In the early days of the Methodist Church, John Wesley, the denomination’s founder, set down six common disciplines or "Rules" that members were expected to agree to.
To meet once a week, at least.
To come together at the hour appointed, without some extraordinary reason.
To begin (those of us who are present) exactly at the hour, with singing or prayer.
To speak each of us in order, freely and plainly, the true state of our souls, with the faults we have committed in thought or deed and the temptations we have felt since our last meeting.
To end every meeting with prayer suited to the state of each person.
To desire some person among us to speak his own state first, and then to ask the rest, in order, as many and as searching questions as may be, concerning their state, sins, and temptations.
"The class meeting (of John Wesley) was the cornerstone of the whole edifice. The classes were in effect house churches (not classes for instruction as the term class might suggest), meeting in the various neighborhoods where people lived…" – from The Radical Wesley: Patterns of Church Renewal, by Howard Snyder
William A. Beckham, in The Second Reformation, writes
"These small groups (classes) functioned as the church. They did what the church was supposed to do. Therefore, when opposition came (and it did!), Wesley was not distracted by the traditional church that considered itself to be the ‘real church.’ The ‘classes’ were the ‘real church’ to Wesley and were therefore his primary focus. They were functioning with the authority of the Body of Christ. Because Wesley placed such a high spiritual purpose and doctrinal nature on his classes, they could withstand the resistance of the traditional church."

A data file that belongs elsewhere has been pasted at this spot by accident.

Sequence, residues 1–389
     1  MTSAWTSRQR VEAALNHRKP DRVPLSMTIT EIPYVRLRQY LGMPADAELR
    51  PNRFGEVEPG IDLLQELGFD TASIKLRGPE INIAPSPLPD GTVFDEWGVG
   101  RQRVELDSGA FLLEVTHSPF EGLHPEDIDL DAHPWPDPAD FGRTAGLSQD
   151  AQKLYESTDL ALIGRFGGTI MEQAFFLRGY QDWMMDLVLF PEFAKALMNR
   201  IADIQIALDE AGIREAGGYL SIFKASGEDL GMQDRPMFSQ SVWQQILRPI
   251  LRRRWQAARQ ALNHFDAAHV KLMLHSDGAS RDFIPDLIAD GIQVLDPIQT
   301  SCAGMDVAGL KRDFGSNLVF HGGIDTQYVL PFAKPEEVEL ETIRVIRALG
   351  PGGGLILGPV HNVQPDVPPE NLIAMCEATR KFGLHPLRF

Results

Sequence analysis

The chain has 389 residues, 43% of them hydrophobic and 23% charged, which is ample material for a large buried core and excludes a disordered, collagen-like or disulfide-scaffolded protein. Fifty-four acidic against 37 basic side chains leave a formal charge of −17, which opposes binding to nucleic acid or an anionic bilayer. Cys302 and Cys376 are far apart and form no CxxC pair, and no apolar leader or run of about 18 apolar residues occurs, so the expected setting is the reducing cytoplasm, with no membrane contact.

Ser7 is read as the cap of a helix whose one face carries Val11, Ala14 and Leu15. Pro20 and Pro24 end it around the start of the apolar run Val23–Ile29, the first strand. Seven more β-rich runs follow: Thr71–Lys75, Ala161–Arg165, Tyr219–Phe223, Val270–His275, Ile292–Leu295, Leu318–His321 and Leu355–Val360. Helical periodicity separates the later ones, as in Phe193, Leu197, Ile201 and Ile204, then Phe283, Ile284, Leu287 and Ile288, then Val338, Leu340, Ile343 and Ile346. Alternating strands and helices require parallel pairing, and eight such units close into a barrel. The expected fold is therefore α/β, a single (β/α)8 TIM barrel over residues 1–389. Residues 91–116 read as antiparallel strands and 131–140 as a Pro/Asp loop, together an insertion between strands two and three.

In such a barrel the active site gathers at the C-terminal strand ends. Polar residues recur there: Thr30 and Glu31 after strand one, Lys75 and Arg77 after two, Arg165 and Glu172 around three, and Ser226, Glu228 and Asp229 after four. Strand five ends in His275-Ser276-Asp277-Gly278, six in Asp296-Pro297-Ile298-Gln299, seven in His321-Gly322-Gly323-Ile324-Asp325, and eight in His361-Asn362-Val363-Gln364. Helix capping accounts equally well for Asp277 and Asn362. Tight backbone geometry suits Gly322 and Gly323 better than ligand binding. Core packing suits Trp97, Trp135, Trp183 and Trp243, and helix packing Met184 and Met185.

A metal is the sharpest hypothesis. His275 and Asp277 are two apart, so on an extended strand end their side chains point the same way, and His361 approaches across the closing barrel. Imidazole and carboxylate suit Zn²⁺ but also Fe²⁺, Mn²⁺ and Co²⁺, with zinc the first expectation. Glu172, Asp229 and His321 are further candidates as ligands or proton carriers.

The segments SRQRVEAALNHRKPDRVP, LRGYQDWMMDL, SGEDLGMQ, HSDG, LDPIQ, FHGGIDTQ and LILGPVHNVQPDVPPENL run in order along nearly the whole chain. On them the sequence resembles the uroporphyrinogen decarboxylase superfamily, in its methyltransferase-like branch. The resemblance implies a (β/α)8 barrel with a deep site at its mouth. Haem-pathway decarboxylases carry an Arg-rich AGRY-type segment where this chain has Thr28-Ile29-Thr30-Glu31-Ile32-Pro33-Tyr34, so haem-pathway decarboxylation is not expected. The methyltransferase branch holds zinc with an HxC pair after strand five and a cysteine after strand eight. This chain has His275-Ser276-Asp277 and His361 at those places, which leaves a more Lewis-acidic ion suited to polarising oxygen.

"Wesley protected his small groups because he correctly identified them as the very heart of his movement. He simply would not waste his time on people if they would not meet in society. He recorded in his journal on May 26, 1759:
I found the little society which I had joined here two years since had soon split in pieces. In the afternoon, I met several of the members of the praying societies: and showed them what Christian fellowship was, and what need they had of it. About forty of them met me on Sunday, 27, in Mr. Gillies’s kirk, immediately after the evening service. I left them determined to meet Mr. Gillies weekly, at the same time and place. If this be done, I shall try to see Glasgow again: If not, I can employ my time better.